The troubled relationship between the Bolsonaro family and China

. Mar 23, 2020
The troubled relationship between the Bolsonaro family and China Jair Bolsonaro (right) meets Chinese leader Xi Jinping. Photo: Isac Nóbrega/PR

Jair Bolsonaro is the first Brazilian president to be elected with a tough discourse on China, often criticizing Chinese investments in Brazil as a threat to national security and economic sovereignty. Despite that, in his first year in office, he established a pragmatic relationship with Beijing, including meetings with Xi Jinping and a successful trip to the Middle Kingdom.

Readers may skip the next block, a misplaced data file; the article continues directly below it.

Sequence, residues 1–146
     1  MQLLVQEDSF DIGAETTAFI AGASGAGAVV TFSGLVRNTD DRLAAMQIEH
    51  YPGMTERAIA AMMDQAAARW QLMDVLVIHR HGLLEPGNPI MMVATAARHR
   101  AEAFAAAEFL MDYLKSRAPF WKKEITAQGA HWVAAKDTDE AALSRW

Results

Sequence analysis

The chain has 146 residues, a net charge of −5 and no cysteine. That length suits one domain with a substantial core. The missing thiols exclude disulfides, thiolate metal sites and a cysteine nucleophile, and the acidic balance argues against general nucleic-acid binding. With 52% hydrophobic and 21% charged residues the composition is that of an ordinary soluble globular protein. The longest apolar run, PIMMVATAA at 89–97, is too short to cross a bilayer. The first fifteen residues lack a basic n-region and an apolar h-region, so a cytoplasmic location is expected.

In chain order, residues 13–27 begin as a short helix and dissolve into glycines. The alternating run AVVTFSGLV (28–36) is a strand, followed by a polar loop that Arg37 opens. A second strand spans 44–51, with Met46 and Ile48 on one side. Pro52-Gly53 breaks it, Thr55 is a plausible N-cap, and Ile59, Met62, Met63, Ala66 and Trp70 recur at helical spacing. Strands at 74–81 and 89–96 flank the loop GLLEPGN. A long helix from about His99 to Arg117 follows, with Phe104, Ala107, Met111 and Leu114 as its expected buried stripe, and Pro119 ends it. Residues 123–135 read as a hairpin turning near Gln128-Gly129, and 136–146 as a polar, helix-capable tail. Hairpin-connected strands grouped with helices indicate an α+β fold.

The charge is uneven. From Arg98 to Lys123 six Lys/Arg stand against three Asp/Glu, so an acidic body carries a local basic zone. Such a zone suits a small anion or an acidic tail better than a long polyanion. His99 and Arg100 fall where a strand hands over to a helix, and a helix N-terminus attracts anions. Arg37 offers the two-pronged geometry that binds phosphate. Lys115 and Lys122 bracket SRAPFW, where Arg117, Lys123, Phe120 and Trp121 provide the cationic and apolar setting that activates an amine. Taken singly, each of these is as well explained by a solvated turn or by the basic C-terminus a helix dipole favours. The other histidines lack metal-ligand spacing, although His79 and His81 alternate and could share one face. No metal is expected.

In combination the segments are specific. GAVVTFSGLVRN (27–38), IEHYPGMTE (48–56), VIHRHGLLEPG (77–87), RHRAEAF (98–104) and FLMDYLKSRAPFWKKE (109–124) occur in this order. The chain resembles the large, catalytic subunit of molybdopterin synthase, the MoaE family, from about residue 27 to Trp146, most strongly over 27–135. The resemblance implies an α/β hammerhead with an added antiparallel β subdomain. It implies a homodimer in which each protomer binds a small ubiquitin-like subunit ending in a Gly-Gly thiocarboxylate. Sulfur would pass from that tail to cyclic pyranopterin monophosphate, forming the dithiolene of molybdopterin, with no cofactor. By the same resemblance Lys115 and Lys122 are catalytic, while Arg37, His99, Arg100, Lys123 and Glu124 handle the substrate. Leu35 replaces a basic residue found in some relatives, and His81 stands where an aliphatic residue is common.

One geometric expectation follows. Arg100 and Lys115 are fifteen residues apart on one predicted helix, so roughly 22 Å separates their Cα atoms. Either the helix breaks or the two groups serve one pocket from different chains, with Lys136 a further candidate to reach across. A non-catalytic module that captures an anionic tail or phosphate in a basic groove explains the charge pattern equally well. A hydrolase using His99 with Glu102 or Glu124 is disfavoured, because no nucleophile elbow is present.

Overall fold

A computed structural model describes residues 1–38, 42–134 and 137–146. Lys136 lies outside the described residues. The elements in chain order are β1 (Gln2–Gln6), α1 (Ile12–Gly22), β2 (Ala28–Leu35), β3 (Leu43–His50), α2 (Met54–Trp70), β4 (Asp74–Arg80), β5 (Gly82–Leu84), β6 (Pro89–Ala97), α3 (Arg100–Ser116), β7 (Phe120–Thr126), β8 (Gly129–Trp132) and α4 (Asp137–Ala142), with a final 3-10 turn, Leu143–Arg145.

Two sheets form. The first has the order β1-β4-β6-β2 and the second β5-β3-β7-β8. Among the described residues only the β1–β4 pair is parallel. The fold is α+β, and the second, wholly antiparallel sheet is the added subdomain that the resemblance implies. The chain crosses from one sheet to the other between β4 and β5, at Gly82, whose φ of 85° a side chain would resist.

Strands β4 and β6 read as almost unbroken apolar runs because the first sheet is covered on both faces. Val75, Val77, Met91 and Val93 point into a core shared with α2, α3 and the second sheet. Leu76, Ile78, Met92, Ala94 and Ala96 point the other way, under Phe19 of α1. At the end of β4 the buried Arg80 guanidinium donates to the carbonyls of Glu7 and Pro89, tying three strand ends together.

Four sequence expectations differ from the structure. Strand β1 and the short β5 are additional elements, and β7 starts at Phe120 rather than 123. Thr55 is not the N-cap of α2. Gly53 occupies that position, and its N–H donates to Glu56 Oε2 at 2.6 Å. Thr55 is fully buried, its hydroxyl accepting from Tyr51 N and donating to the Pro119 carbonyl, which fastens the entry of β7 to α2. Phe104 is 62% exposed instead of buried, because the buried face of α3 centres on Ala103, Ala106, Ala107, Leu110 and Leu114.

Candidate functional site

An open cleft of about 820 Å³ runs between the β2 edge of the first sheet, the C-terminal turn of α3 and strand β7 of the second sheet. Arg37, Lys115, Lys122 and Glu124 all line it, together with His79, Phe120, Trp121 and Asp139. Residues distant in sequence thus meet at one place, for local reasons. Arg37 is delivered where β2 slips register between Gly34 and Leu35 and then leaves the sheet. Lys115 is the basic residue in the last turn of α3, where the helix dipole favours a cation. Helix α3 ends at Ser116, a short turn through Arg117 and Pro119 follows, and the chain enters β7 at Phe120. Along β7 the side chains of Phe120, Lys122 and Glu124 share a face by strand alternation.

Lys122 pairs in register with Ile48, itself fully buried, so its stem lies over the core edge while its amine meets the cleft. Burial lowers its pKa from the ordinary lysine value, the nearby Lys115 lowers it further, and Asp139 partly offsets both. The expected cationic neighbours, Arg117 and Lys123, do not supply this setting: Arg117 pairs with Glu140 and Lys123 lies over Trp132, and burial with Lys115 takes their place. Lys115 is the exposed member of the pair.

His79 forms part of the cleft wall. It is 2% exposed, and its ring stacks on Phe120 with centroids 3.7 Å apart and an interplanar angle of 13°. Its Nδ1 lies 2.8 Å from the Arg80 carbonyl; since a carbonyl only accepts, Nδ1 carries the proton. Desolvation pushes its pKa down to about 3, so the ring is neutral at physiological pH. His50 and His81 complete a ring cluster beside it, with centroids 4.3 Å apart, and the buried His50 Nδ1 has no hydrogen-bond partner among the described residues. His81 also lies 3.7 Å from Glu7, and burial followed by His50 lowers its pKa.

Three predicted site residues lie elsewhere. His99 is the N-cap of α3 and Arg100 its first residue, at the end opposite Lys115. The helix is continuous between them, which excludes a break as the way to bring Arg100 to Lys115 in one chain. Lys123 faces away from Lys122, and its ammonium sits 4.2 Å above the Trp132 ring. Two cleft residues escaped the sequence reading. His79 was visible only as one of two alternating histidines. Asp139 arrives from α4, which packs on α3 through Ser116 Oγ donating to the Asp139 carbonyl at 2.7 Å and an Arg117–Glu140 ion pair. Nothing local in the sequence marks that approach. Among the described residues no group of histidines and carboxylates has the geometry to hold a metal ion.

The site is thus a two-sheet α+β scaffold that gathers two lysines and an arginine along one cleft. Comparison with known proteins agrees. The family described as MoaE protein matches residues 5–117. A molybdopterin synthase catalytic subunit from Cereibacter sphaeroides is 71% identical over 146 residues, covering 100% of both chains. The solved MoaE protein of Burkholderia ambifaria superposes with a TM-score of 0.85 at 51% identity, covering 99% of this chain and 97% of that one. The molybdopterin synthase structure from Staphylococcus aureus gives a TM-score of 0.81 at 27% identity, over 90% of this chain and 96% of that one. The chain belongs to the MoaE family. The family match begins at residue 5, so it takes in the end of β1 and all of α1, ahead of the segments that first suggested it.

The risk pervading this approach was his foreign policy of seeking full alignment with the U.S., while Donald Trump was waging a trade war against China. These latent tensions exploded in the controversy surrounding the coronavirus pandemic, with Congressman Eduardo Bolsonaro—one of the president’s sons—engaging in a Twitter brawl with the Chinese ambassador in Brazil.

The blame game with China

Eduardo Bolsonaro